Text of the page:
By: Vivienne Johnson | Development Manager, Philanthropy, Australian Rural Leadership Foundation | https://rural-leaders.org.au/
Last week, we published a blog based on research into the varied roles foundations can play in the philanthropic eco-system. We invited Vivienne Johnson, Development Manager, Philanthropy, at the Australian Rural Leadership Foundation, to reflect on the blog and respond with the organisation's perspectives.
This paper shines a light on the complexity of the philanthropic ecosystem and the diverse roles that foundations can play as intermediaries in supporting charities to achieve their mission or purpose (Williamson AK, Leat D. Playing piggy(bank) in the middle: Philanthropic foundations’ roles as intermediaries. 2021).
Since 1992 the ARLF has delivered more than 115 leadership programs to some 1,800 participants many of whom were on scholarships funded by a small number of foundations.
These foundations share a commitment to the ARLF’s vision of thriving regional communities strengthening the nation. In terms of Williamson and Leat’s intermediary role typology, they are typically private foundations, some of whose founders have had direct relationships with the ARLF, particularly in its formative years.
Their support is of the capacity-building type and in terms of overall revenue sources, is exceeded only by course fees and sponsorships.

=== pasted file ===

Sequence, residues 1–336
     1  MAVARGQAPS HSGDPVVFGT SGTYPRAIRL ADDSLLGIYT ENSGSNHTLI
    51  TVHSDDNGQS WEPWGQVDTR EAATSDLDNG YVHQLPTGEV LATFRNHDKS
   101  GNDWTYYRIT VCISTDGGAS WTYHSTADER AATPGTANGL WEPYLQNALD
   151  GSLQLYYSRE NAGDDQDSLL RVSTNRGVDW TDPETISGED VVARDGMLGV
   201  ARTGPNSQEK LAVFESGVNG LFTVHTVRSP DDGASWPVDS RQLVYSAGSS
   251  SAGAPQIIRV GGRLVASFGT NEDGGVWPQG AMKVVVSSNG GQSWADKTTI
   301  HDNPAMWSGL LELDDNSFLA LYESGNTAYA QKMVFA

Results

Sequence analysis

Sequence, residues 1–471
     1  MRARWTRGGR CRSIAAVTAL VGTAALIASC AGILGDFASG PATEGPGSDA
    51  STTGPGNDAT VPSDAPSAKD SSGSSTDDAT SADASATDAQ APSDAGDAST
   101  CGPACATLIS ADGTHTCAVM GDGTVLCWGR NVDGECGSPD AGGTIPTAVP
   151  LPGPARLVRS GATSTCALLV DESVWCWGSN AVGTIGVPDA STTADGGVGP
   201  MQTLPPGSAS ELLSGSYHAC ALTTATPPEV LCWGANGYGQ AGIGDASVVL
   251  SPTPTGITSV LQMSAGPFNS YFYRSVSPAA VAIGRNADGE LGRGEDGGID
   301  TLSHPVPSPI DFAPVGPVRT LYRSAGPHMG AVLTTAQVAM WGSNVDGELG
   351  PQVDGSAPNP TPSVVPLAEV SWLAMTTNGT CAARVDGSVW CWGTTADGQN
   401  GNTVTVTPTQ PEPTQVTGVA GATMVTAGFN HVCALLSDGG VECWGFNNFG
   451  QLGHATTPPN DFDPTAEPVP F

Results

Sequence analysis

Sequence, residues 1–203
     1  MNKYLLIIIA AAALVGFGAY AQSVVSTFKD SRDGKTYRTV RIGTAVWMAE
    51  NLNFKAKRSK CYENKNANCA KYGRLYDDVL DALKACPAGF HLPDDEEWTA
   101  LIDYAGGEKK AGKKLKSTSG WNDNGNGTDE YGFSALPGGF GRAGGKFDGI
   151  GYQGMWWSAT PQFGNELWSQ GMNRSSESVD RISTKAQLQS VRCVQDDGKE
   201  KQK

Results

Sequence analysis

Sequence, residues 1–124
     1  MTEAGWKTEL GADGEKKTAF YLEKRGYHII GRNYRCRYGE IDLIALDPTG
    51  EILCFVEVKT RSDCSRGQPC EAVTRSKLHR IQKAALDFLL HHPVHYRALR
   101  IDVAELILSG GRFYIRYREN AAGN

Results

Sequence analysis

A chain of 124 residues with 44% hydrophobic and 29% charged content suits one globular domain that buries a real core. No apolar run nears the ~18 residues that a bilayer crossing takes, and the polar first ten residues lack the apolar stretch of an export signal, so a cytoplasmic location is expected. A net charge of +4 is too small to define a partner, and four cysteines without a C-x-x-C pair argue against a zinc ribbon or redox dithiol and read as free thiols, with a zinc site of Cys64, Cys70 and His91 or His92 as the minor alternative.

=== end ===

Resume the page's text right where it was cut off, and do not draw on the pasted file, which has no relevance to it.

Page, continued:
More recently, as the ARLF develops new leadership programs and initiatives, it is increasingly looking to foundations who will take what Williamson and Leat describe as the ‘risk absorber’ intermediary role by funding pilot projects and providing proof of concept.
Examples of this include the ARLF’s development of concepts for conservation and education leadership programs and initiatives to amplify the impact of its alumni. This type of foundational intermediary support is critical to service providers like the ARLF. If seed funding is provided by a foundation and the pilot project is successful, it can open the door to funding from other more risk-averse funders, including government.
And if the project is unsuccessful, the learnings inform future strategy and decision-making. Williamson and Leat’s 14 types of intermediary roles includes foundations who perform the role of matchmaker, “connect(ing) two parties, representing one to the other in an advantageous light”. Earlier this year the ARLF benefited from a foundation playing the matchmaking role when a community foundation made introductions to a global foundation with an interest in developing community leadership capacity in the aftermath of Australia’s 2019-20 bushfires. The learning from Playing piggy (bank) in the middle: Philanthropic foundations’ roles as intermediaries, is that foundations can be much more than grant makers.
This has been the ARLF’s experience, but not one that has until now been considered through the lens applied by Williamson and Leat.
Their insights also have value in the rural and regional context where the lived experience of foundation decision-makers can be limited. For not for profits, like the ARLF, that rely heavily on ‘provision of resources’ from foundations, understanding the nuances of the intermediary roles is advantageous.
Vivienne Johnson Development Manager, Philanthropy: email@example.com
Apr. 07, 2021
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